SWEDEN: Volvo unit invests in tiredness technology

By just-auto.com editorial team | 18 December 2007

Volvo on Tuesday said its technology transfer unit is now investing in Seeing Machines, which is a technology developed by an Australian company that detects and warns vehicle drivers in the event of tiredness.

Experiences from Volvo's accident investigations and general traffic safety research show that accidents are a combination of the human factor, vehicle problems and/or the traffic environment, in which the human factor accounts for 90% of accidents.

This was confirmed by new research conducted at the Virginia Tech Transport Institute that demonstrates even more distinctly that inattentiveness, due to tiredness or distraction, is the single largest and most significant cause of accidents.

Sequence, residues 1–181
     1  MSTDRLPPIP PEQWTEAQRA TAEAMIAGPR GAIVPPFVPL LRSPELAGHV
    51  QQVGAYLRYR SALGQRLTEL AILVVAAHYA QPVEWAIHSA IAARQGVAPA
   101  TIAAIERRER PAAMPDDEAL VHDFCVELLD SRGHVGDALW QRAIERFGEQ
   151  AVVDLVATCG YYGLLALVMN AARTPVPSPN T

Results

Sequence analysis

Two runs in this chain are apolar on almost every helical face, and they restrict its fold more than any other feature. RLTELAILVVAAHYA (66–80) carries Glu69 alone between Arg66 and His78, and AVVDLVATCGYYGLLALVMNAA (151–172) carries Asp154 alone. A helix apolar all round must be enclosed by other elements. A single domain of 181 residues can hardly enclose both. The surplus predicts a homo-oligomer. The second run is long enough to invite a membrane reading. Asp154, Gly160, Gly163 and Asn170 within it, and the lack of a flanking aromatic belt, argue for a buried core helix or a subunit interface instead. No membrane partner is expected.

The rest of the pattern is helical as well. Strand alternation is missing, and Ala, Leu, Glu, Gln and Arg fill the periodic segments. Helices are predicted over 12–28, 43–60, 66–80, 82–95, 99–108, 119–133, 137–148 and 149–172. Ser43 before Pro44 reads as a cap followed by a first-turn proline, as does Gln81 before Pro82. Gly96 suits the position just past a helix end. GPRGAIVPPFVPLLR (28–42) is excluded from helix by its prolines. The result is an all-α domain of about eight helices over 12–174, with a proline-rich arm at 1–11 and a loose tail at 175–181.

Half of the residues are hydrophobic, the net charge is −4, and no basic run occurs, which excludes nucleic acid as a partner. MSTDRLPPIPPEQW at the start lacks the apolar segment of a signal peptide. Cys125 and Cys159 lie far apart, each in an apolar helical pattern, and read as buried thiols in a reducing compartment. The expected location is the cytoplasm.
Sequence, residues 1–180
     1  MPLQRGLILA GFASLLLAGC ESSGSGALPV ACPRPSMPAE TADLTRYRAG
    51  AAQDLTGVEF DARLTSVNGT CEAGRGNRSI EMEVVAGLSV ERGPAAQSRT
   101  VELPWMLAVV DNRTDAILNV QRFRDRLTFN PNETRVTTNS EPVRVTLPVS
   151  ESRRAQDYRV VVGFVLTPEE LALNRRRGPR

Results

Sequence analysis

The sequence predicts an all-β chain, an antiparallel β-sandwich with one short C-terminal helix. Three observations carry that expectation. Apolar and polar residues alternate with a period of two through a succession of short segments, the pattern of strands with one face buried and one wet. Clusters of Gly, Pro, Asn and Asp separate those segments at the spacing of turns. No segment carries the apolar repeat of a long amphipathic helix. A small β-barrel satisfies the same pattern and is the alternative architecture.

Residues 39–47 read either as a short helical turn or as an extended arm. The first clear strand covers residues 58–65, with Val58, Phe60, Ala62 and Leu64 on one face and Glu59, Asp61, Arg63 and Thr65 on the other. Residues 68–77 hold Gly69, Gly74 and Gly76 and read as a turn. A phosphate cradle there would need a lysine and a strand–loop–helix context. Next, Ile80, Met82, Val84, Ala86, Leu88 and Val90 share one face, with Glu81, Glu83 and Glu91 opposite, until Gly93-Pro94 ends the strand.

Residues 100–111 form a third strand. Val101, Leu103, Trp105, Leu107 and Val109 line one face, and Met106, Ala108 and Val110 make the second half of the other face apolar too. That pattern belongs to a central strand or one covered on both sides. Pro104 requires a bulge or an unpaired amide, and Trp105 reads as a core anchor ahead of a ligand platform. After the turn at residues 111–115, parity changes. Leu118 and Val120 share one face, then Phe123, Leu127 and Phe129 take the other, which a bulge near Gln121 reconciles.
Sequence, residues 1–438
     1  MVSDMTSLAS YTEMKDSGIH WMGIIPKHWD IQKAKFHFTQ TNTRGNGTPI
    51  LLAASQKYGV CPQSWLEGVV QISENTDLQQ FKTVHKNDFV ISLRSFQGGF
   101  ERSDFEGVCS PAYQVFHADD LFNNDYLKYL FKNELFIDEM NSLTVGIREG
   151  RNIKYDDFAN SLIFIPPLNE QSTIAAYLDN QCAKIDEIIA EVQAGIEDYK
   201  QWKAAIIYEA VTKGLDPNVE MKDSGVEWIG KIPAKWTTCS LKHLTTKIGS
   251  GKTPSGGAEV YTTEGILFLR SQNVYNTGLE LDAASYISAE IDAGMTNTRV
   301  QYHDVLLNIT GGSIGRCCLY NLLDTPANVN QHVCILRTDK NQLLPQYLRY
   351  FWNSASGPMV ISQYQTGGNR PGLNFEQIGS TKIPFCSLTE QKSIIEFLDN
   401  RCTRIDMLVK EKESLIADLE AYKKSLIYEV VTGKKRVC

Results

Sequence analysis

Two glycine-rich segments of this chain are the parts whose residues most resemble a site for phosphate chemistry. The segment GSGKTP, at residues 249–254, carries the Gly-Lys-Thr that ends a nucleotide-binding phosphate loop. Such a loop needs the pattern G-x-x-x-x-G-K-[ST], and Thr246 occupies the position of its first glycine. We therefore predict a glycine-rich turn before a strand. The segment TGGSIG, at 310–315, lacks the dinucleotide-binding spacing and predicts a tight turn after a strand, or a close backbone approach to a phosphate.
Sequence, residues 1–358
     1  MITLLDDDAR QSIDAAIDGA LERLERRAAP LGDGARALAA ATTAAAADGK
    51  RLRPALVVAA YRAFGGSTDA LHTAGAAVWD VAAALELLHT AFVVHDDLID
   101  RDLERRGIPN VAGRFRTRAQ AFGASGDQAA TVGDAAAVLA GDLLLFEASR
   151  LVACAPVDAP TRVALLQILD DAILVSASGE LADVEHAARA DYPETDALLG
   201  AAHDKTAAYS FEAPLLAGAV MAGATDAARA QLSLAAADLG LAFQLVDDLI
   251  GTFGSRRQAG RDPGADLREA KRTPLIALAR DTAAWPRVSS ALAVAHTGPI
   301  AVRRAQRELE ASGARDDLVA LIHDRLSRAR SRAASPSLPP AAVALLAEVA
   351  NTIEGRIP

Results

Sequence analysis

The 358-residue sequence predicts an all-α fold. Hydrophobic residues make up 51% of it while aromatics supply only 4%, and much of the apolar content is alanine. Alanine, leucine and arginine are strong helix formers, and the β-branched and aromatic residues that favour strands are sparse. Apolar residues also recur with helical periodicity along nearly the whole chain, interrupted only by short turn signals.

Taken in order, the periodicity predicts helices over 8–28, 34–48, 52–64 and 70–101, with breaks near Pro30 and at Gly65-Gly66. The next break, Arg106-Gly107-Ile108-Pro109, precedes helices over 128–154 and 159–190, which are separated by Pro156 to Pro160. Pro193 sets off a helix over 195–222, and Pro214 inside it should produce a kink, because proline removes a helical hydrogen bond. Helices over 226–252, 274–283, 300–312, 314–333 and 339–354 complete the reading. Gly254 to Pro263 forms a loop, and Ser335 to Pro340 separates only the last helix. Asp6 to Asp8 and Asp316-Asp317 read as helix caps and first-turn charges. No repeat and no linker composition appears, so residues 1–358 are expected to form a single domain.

Volvo said Seeing Machines is a company that arose from the research results from a number of research projects at the Australian National University (ANU) between 1997 and 2000.

The company specialises in computerised technology that is able to track and follow head and eye movements and facial expressions. The technology is applicable for products within areas including vehicle safety, medical diagnosing, simulation, marketing and games.

Toyota's latest Lexus line offers crash-prevention/mitigation technology that monitors the driver's head position using sensors mounted on the steering column.